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Supreme Court Slams Door On Seabed Mining, Time For A Ban

Today the Supreme Court has unanimously dismissed Trans Tasman Resources’ (TTR) appeal of a 2018 High Court ruling which quashed the EPA's decision in 2017 to give the miners resource consent to begin a giant seabed mining operation in the South Taranaki Bight.

Greenpeace is hailing the ruling as a victory for iwi, hapū, local communities, environmental campaigners and for the ocean, and says the decision effectively renders the project dead in the water.

TTR has spent almost ten years trying to get the go ahead to dig up 50 million tonnes of seabed in a 66 square kilometre area in the South Taranaki Bight, every year for 35 years, to access five million tonnes of iron ore, and dump the rest back into the ocean.

In dismissing TTR's latest appeal to mine, the Supreme Court stated that environmental protection is the bottom line.

Greenpeace Aotearoa Seabed Mining Campaigner James Hita said today’s announcement is a win for people and a win for nature.

"This ruling is a victory for the ocean, and for people power. For the better part of a decade, iwi, Greenpeace, KASM and coastal communities have worked together to oppose the proposal to mine in the South Taranaki Bight. And today we won."

Another key part of the ruling was the acknowledgement that Tikanga should have been recognised as binding and must be taken into account as part of the application process.

"This decision sends a clear message to other mining companies waiting in the wings: you’re not wanted in Aotearoa or the Pacific. As an island nation in the South Pacific, it is essential that Aotearoa joins the Pacific Blue Line against seabed mining, and stands in solidarity with our Pacific neighbours in keeping the door shut to exploitative seabed mining companies," says Hita.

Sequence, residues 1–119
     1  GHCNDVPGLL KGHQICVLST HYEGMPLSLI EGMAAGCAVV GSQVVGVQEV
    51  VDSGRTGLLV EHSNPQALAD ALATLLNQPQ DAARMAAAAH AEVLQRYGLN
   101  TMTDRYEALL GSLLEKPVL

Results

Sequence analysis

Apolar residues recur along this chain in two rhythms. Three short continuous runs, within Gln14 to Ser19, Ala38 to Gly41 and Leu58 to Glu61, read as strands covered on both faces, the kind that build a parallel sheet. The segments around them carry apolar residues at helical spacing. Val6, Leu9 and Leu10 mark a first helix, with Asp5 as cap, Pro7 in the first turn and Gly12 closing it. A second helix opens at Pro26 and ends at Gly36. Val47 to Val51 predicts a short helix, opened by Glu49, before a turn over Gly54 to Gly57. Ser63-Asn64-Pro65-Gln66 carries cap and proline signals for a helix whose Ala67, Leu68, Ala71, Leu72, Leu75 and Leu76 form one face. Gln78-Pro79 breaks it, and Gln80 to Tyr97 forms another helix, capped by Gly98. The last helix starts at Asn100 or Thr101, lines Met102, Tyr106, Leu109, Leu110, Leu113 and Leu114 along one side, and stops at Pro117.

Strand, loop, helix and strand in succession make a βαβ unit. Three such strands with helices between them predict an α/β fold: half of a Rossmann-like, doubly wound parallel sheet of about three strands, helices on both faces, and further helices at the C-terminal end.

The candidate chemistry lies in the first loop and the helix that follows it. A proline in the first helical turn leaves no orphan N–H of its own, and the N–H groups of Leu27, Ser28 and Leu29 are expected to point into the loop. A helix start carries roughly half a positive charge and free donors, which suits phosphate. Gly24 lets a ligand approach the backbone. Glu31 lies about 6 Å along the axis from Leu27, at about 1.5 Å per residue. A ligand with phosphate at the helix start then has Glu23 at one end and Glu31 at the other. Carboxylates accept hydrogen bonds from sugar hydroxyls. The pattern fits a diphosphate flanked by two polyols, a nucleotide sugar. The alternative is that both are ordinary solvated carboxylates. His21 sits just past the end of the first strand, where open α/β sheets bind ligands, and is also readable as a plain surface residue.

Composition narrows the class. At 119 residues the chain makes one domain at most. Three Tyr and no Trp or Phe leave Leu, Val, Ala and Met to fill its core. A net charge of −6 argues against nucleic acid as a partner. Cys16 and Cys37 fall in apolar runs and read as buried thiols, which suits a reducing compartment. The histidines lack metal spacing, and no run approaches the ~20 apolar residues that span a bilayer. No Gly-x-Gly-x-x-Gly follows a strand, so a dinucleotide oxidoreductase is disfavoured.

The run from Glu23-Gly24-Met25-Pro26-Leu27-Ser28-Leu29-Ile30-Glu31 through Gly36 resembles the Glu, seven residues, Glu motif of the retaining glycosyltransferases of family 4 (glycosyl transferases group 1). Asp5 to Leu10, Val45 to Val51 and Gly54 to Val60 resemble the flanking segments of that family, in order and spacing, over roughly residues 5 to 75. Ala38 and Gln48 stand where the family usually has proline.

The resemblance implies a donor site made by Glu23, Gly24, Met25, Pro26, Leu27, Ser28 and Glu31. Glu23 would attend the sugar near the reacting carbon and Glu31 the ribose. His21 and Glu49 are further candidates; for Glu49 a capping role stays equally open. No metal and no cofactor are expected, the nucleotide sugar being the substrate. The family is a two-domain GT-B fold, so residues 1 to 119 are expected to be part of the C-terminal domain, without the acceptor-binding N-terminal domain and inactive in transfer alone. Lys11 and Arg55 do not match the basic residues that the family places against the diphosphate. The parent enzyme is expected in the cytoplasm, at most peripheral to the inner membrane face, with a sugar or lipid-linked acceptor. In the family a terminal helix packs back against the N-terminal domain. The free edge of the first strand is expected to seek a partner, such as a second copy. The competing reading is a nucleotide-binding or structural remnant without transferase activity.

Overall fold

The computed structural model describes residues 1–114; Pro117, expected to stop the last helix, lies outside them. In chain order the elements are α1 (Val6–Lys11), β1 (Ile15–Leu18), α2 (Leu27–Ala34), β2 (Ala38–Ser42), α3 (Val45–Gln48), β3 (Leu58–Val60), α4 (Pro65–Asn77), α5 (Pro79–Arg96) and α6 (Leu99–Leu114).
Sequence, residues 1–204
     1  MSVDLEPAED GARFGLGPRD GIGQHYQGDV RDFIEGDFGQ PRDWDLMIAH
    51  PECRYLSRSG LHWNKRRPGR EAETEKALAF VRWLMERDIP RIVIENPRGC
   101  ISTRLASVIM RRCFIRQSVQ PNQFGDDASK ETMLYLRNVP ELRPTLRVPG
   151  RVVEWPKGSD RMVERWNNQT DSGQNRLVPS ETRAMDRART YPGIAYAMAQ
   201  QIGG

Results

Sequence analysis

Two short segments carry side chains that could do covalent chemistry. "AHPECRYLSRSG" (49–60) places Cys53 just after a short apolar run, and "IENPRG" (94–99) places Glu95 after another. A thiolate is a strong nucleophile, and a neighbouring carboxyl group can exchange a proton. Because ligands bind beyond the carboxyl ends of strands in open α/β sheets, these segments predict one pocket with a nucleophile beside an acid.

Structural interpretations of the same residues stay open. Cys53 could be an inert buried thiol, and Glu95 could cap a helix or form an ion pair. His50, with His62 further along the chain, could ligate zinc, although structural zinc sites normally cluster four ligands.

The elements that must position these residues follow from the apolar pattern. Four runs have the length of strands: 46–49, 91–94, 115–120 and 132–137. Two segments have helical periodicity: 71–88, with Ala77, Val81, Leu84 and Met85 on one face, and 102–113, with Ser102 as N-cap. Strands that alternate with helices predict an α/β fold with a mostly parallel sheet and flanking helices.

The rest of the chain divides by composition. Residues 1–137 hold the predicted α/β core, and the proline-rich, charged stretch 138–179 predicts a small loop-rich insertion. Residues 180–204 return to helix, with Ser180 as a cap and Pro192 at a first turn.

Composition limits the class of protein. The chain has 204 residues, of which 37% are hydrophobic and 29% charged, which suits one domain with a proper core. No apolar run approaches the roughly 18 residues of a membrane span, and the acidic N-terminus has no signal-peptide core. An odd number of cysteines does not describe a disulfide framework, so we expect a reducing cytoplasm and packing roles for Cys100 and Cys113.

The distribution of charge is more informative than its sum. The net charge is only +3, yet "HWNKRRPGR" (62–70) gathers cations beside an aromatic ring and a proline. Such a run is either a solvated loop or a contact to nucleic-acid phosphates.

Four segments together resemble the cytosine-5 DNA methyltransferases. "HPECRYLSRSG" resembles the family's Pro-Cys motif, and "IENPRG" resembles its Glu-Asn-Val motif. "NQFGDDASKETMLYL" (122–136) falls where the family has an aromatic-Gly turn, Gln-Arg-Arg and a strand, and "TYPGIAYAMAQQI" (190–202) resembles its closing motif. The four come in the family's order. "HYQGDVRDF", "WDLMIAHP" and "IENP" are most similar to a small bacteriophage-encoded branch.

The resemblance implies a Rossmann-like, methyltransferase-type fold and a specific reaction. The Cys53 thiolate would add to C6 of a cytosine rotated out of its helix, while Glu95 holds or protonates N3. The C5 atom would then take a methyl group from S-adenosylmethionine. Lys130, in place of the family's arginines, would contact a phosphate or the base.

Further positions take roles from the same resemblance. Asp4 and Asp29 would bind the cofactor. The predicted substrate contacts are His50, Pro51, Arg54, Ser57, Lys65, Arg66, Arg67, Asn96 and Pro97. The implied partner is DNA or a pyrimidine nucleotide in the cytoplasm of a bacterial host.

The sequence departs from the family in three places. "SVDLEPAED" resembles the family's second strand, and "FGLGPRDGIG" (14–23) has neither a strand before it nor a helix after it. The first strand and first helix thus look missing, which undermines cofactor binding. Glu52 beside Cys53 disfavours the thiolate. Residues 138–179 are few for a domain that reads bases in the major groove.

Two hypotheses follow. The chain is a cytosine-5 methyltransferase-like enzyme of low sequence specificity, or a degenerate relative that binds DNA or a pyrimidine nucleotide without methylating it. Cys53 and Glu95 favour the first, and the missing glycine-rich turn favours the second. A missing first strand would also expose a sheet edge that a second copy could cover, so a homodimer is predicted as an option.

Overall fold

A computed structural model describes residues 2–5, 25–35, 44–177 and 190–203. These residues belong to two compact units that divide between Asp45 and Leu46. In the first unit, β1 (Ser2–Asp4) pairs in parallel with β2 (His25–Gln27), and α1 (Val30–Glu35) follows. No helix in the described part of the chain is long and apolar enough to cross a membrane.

The South Taranaki Bight is home to New Zealand’s own population of Pygmy blue whales, māui dolphins and blue penguins. It also has a vibrant coral reef system. All of this unique beauty would have been under threat if seabed mining had been given the go ahead.

While this decision means TTR does not have consent to mine, other mining companies are vying for access to the waters of Aotearoa. There are currently four seabed mining exploration permits held by other companies, including Chatham Rock Phosphate, but they will need marine consent permits of the kind addressed by the Supreme Court.

Hita says the ruling today should serve as a warning to prospecting seabed miners, that they will meet strong resistance in Aotearoa.

"The decision today will have a huge impact on the legitimacy of this new mining industry in the Pacific and around the world. But we can’t rely on communities and environmental groups to fight every mining company that knocks on the door. The New Zealand Government must implement a ban now and ensure our door is always closed to seabed mining companies."

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